View Full Version : Divided We Eat

11-27-2010, 01:12 PM
For breakfast, I usually have a cappuccino—espresso made in an Alessi pot and mixed with organic milk, which has been gently heated and hand-fluffed by my husband. I eat two slices of imported cheese—Dutch Parrano, the label says, “the hippest cheese in New York” (no joke)—on homemade bread with butter. I am what you might call a food snob. My nutritionist neighbor drinks a protein shake while her 5-year-old son eats quinoa porridge sweetened with applesauce and laced with kale flakes. She is what you might call a health nut. On a recent morning, my neighbor’s friend Alexandra Ferguson sipped politically correct Nicaraguan coffee in her comfy kitchen while her two young boys chose from among an assortment of organic cereals. As we sat, the six chickens Ferguson and her husband, Dave, keep for eggs in a backyard coop peered indoors from the stoop. The Fergusons are known as locavores.

Alexandra says she spends hours each day thinking about, shopping for, and preparing food. She is a disciple of Michael Pollan, whose 2006 book The Omnivore’s Dilemma made the locavore movement a national phenomenon, and believes that eating organically and locally contributes not only to the health of her family but to the existential happiness of farm animals and farmers—and, indeed, to the survival of the planet. “Michael Pollan is my new hero, next to Jimmy Carter,” she told me. In some neighborhoods, a lawyer who raises chickens in her backyard might be considered eccentric, but we live in Park Slope, Brooklyn, a community that accommodates and celebrates every kind of foodie. Whether you believe in eating for pleasure, for health, for justice, or for some idealized vision of family life, you will find neighbors who reflect your food values. In Park Slope, the contents of a child’s lunchbox can be fodder for a 20-minute conversation.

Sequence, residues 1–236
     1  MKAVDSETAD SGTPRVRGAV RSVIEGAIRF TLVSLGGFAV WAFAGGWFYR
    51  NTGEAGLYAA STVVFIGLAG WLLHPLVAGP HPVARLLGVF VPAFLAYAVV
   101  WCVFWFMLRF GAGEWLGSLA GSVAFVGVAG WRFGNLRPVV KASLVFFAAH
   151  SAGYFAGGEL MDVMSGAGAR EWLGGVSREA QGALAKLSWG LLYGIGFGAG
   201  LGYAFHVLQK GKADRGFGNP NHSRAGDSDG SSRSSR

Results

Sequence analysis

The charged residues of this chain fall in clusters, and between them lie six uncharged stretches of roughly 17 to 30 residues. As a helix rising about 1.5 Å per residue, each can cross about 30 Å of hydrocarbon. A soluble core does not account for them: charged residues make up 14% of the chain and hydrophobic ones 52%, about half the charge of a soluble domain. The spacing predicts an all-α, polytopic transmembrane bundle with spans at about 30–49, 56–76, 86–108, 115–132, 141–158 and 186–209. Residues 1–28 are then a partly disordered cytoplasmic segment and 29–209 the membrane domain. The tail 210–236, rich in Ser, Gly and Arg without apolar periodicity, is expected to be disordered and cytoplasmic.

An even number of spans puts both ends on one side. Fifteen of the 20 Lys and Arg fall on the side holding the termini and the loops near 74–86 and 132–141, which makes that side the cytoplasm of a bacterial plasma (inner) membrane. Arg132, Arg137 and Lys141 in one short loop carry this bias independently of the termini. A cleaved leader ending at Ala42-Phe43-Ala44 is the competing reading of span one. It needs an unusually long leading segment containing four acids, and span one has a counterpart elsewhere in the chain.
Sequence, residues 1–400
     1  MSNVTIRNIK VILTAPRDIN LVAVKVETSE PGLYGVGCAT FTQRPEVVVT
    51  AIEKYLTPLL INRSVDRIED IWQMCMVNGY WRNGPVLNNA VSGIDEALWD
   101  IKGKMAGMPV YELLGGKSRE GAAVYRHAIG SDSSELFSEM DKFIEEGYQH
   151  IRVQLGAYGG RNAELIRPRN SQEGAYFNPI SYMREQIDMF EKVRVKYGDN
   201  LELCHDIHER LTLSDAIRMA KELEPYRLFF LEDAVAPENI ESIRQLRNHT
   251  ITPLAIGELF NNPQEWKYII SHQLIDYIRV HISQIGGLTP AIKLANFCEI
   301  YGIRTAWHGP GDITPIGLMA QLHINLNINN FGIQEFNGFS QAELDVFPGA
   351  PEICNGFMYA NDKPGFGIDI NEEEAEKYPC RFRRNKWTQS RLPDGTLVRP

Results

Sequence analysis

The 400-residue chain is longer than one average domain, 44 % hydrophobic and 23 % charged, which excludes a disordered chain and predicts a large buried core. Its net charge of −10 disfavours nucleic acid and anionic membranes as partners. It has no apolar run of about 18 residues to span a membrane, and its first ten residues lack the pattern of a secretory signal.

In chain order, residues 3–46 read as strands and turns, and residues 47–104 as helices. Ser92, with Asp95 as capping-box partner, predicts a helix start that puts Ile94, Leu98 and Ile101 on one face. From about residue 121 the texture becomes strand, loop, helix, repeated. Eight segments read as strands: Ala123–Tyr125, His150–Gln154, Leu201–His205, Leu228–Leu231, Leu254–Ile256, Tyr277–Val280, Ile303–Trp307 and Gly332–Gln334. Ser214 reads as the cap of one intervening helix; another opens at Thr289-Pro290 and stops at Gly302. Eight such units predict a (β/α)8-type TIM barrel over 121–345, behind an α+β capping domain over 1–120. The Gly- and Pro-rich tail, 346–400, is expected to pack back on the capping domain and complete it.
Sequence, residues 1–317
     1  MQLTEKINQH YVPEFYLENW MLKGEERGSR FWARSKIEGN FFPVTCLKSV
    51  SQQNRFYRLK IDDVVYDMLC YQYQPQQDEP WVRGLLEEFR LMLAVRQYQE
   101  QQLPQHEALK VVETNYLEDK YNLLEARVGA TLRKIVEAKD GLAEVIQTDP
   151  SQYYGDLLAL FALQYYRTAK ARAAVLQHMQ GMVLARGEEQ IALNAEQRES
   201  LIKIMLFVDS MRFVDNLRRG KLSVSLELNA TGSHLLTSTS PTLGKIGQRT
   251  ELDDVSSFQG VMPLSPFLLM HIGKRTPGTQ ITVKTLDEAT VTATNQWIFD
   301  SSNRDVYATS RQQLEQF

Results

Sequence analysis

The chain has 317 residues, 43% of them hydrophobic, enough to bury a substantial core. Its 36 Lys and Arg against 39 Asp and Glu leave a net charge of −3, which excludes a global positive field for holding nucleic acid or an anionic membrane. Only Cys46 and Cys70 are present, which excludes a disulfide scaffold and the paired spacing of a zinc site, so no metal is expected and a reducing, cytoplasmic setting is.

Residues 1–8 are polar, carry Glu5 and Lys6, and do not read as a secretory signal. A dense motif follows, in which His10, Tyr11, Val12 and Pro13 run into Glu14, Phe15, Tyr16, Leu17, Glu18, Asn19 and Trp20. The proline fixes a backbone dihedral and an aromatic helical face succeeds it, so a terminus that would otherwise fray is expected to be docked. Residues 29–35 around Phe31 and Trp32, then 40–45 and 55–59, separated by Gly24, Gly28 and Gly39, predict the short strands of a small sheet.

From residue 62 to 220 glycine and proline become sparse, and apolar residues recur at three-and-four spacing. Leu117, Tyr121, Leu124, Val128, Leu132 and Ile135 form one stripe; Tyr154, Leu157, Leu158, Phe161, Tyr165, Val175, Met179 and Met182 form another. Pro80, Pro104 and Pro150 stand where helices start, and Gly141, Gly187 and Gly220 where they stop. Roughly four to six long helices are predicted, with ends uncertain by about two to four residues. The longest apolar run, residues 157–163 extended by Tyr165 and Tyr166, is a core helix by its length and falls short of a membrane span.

Long article but hilarious. She must either not know or not care how she comes across to those who don't fetishize food, either that or it's a top quality spoof.

11-27-2010, 01:40 PM
But modern America is a place of extremes, and what you eat for dinner has become the definitive marker of social status; as the distance between rich and poor continues to grow, the freshest, most nutritious foods have become luxury goods that only some can afford.

It might be the definitive marker of social status for desperate hipsters but not for me. When I see people writing about food in this way or talking about it in this way (and I know lot who do), it makes me glad that I actually have a real religion.

My religion has built-in charity, justice, and community outreach. It's got real sin and real redemption. The people in this article are using food as a substitute for a moral framework and that's gotta suck.

I'm not a better person because I grow organic lettuce or eat my own sprouts. Food has no impact on my virtue, vice, or self-worth. People who eat Pop-Tarts aren't stupid or evil. Not caring about local sourcing doesn't make a person laughable. Jaime Oliver isn't a god and Alice Waters isn't a prophet.